The Indie Way

1 February 2023

A few years ago, when I started writing Surrender, I knew I was going to publish it independently, because I’d experienced failure to launch,” with not one, but two other books. Those other books were both non-fiction and both good. On the recommendation of the editor of one of them, I sent off the manuscript to a list of agents he knew, who all said no or not now, and then I sent it to a bigger list of agents I’d researched who said much the same.

I didn’t want to go through that again with Surrender. Not only is it time consuming, but I felt some of the agents I’d contacted were making a distinctly non-literary judgement about me. They wanted to know my social media reach. On social media, practically nobody knows me as a novelist. So the agent route seemed like an exercise I didn’t need to try again.

Publishing Surrender isn’t my first self-publishing rodeo. (Terrible metaphor; kind of a fun mental image.) I’ve published five non-fiction books independently, but Surrender will be my first indie-published novel. The community-building, brand-building, and name-making is the hard part of this, harder than the writing, actually. The simple part is setting up an independent publishing imprint. Mine is called FutureX.Studio.

From the start, I wanted readers to have an alternative to Amazon. Amazon is a powerful distributor, but it competes with bookstores, so bookstores hate Amazon. Amazon can also be overly controlling of your rights, pricing, and promotion. Amazon can decide whether your book shows up in the top search results. When people want to order your book, Amazon can say it’s unavailable or will take weeks to deliver. And Amazon is owned by a plutocrat who wants to encourage colonizing other planets instead of fixing our relationship to our home planet, and he’s not even Elon Musk, but close enough. (End of one-sentence rant.)

Still, Amazon is the 800-pound gorilla online, so on February 15, I will list paperback and ebook editions of Surrender on Amazon. The indie alternatives where you can buy it right now are, where a portion of your purchase benefits independent booksellers, Barnes & Noble, the UK-based Book Depository, and indiebound, which links you to your local bookstore to purchase. Yes, a subtle suggestion right there to buy Surrender. Probably too subtle, but hey, we’re just getting started here. The book doesn’t come out officially for another two weeks.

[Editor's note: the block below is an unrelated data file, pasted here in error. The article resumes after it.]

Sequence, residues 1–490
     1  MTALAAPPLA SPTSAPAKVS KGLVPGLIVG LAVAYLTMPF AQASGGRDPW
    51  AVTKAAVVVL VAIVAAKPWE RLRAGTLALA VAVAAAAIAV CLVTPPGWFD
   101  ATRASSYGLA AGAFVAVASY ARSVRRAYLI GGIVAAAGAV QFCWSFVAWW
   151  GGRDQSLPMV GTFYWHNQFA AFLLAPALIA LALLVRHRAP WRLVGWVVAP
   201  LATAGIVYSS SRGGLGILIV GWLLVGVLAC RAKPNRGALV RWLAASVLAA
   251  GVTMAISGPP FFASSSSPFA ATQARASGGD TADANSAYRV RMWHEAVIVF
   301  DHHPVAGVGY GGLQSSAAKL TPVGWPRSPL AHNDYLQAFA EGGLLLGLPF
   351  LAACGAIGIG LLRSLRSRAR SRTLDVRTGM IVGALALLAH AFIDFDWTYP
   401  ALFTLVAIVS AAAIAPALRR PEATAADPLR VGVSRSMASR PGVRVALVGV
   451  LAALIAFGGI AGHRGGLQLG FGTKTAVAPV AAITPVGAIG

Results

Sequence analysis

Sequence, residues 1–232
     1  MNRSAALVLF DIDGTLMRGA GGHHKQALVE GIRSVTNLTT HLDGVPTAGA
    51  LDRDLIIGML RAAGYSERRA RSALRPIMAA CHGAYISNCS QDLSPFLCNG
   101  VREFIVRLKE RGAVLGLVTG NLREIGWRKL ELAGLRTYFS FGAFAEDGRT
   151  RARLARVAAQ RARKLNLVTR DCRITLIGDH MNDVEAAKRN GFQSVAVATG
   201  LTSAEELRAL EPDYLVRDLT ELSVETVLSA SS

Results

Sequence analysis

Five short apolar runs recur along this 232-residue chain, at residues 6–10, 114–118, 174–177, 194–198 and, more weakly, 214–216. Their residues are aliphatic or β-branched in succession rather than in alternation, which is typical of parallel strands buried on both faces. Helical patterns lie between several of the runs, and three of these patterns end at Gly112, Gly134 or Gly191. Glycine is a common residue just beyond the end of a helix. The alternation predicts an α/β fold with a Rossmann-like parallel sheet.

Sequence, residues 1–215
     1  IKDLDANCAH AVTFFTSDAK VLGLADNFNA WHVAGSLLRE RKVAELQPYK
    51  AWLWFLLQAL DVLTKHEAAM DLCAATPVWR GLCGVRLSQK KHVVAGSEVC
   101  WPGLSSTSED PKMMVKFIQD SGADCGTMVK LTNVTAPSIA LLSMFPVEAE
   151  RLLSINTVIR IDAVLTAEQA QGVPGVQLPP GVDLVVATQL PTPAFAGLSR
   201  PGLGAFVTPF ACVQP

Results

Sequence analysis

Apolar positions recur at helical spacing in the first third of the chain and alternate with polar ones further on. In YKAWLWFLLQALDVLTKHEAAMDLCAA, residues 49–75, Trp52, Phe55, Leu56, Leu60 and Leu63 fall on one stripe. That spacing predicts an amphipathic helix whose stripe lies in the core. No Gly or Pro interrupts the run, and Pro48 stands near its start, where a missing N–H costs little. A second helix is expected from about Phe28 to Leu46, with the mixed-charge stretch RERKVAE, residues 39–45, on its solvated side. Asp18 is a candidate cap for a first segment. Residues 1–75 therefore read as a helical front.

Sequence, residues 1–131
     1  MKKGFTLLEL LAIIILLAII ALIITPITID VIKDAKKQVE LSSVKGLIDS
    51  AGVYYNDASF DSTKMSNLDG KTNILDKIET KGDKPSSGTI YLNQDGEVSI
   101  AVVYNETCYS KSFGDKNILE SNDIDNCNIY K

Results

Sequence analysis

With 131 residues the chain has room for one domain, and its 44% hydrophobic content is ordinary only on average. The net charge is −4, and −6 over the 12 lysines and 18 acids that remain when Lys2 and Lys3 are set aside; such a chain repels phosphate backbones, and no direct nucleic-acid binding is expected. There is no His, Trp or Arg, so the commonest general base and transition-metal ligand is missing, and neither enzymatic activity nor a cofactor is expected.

I’m enjoying reading Tomorrow, and Tomorrow, and Tomorrow by Gabrielle Zevin. It’s a heartfelt romance/anti-romance set in the world of creating video games. And I’m reading The Singularities by John Banville, a writer whom I mistakenly assumed stopped writing after I finished reading a book of his so long ago, but no, he’s written many more since then. Sourdough by Robin Sloan was a fun read, with its mix of baking, coding, foodie and tech culture. I review books now and again on Literal, an alternative to Goodreads.


Always Philip Glass, and often trance stuff that is good to work to, like Königsforst 5 from Gas or anything from their Pop album. Susumu Yokata and Ravi Shankar also are on many of my playlists.


I am seeing more clearly now after eye surgery and I wrote about it here.

Thanks for reading,


(c) Lee Schneider 2023. Take care of each other. Subscribe.